Being strict with teens' bedtimes can help them get more sleep

Teens who like to go to bed late and sleep late may have a higher risk of asthma, according to new research.

New US research has found that parents who impose strict bedtimes on their teens could be helping them to get more sleep.

Carried out by researchers at the University of Rochester, the new study looked at 193 adolescents aged 14 to 17 and their parents.

The teenagers were asked to fill in a sleep diary twice a day over a period of seven days, reporting on their sleep duration, daytime energy levels and depressive symptoms, while parents were asked if they enforced times for bed or any other bedtime rules.

The findings, published in the journal Sleep, showed that more than 50 percent of parents reported that they set no specific or enforced bedtime rules for their kids, which is consistent with responses from parents in previous research across the US.

However, the researchers found that parent-enforced bedtimes, along with later school start times, had the biggest positive effect on teenagers' sleep duration, daytime energy level and symptoms of depression.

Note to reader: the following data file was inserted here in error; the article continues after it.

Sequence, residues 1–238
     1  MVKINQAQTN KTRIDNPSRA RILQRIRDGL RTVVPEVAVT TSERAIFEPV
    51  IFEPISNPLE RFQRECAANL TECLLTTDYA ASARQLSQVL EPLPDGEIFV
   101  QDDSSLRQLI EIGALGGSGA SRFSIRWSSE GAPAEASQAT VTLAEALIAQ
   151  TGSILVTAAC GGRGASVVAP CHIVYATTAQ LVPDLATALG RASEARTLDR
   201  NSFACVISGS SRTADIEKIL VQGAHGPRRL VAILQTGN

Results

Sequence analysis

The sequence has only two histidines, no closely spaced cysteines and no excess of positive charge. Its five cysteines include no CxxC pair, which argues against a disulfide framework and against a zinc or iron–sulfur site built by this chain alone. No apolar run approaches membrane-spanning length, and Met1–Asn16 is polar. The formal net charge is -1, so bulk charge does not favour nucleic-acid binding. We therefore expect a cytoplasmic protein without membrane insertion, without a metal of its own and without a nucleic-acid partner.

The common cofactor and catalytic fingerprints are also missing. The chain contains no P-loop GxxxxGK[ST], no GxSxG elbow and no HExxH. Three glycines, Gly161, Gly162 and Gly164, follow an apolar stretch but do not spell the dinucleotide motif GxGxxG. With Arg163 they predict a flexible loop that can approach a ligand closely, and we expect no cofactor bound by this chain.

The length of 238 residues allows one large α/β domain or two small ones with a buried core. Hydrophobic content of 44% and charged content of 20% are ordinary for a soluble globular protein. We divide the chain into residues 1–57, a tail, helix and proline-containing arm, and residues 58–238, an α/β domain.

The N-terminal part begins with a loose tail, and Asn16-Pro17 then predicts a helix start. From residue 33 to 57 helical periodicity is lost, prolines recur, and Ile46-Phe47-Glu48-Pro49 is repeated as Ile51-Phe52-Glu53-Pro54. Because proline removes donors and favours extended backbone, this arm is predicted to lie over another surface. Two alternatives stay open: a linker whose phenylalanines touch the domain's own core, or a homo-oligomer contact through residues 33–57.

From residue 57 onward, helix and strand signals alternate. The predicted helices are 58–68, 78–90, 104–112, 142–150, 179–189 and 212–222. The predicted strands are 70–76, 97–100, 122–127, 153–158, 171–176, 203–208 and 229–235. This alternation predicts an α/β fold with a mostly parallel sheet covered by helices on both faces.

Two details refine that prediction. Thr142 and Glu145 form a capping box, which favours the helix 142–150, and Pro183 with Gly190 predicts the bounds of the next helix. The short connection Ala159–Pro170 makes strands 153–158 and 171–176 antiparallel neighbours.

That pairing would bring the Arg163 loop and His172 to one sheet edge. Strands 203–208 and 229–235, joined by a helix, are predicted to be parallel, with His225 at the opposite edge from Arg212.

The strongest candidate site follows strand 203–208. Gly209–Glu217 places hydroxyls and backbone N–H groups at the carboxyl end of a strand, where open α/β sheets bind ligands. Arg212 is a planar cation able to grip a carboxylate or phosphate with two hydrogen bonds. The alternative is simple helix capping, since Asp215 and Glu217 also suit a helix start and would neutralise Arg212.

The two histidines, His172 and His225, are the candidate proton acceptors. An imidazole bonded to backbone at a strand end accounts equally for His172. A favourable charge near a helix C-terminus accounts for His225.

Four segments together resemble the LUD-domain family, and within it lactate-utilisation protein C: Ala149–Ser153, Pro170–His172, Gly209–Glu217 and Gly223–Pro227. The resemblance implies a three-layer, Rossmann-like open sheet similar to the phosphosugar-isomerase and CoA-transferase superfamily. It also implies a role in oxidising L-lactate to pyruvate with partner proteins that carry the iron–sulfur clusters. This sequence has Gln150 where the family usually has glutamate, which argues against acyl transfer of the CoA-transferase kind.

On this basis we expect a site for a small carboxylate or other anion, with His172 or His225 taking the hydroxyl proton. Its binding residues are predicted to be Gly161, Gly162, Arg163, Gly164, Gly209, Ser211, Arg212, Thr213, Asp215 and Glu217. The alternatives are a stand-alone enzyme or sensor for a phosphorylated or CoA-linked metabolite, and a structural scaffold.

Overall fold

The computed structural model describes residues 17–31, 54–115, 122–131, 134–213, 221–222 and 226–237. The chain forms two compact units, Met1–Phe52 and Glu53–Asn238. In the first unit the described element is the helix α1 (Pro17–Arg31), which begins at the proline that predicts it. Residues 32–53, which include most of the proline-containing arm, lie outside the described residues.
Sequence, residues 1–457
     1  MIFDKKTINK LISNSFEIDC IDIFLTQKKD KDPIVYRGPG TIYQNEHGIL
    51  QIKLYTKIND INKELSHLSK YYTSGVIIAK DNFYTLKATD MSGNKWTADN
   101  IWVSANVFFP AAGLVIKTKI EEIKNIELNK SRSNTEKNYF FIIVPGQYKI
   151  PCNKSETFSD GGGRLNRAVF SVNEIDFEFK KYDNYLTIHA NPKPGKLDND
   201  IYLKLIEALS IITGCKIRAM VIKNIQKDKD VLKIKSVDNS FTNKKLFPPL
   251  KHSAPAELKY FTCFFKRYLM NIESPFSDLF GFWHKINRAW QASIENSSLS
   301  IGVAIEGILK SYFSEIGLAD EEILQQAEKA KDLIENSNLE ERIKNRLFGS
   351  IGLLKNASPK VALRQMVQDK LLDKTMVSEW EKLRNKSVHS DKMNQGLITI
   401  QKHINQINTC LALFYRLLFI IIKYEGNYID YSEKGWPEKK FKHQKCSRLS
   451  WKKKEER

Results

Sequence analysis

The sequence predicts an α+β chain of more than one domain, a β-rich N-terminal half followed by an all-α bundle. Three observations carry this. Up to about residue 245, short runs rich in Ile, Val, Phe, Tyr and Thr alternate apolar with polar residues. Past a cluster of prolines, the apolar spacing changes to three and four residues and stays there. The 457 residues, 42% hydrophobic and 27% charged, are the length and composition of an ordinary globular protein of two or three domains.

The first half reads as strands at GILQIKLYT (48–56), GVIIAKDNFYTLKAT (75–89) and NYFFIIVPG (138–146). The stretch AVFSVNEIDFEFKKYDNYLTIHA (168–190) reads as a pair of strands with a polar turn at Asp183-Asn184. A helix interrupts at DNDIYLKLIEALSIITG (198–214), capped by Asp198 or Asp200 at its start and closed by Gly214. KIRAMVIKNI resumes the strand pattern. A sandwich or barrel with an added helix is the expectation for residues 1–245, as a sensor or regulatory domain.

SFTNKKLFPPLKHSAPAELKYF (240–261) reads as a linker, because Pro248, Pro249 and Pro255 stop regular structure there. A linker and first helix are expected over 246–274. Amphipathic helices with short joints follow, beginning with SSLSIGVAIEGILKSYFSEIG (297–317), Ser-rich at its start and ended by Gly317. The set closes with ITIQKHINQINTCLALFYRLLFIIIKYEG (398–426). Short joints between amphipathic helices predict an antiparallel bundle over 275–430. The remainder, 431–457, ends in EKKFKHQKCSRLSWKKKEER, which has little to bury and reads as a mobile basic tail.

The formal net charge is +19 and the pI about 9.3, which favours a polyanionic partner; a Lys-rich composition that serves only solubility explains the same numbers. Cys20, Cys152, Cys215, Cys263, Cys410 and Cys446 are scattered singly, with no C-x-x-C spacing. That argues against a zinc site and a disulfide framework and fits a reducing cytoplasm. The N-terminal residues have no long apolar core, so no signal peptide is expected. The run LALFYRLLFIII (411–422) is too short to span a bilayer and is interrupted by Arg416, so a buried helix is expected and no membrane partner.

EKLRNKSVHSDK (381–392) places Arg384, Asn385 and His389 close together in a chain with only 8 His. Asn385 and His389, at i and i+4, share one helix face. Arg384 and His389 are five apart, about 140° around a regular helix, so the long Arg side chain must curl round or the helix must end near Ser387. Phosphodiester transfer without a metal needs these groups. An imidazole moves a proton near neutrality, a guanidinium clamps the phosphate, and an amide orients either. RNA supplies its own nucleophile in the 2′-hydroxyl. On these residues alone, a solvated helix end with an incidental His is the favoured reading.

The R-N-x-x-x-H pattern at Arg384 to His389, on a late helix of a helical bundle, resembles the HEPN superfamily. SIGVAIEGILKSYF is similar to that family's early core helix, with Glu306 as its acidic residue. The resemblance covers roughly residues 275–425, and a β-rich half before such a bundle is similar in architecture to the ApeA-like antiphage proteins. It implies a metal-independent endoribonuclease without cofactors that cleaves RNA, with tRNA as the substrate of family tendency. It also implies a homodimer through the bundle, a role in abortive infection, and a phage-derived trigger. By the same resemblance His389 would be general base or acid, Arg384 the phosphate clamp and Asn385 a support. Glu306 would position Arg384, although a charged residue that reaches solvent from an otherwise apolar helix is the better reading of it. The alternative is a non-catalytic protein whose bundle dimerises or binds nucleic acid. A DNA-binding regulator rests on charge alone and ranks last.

Perhaps surprisingly, consuming caffeine or using a screen in the evening did not affect teenagers' sleep duration.

Jack Peltz, lead author of the study, acknowledges that telling kids when to go to bed can be difficult, but says that "ideally parents should be able to work collaboratively with their teenagers to develop bedtimes that still support the child's autonomy."

Co-author Ronald Rogge agrees that parents may need to step in and impose a time on their teens, adding that "even though adolescents start gaining self-sufficiency and independence, they still need sleep and might not prioritize that if left to their own devices."

The recommended amount of sleep for teenagers is 8.5 to 9.5 hours of sleep each night, as recommended by the American Academy of Sleep Medicine and endorsed by the American Academy of Pediatrics.

However, the researchers add that the bedtime set by parents should depend on the wake-up time. "It's inherently more difficult for teenagers to fall asleep earlier than later because of their circadian rhythm," says co-author Heidi Connolly. "That's why it's so important for high school start times to be later, as the American Academy of Pediatrics has recommended across the board."

The researchers add that the aim of a good night's sleep for teens is that they wake up spontaneously at around the scheduled wake-up time, even when allowed to sleep in, and that they feel well-rested during the day.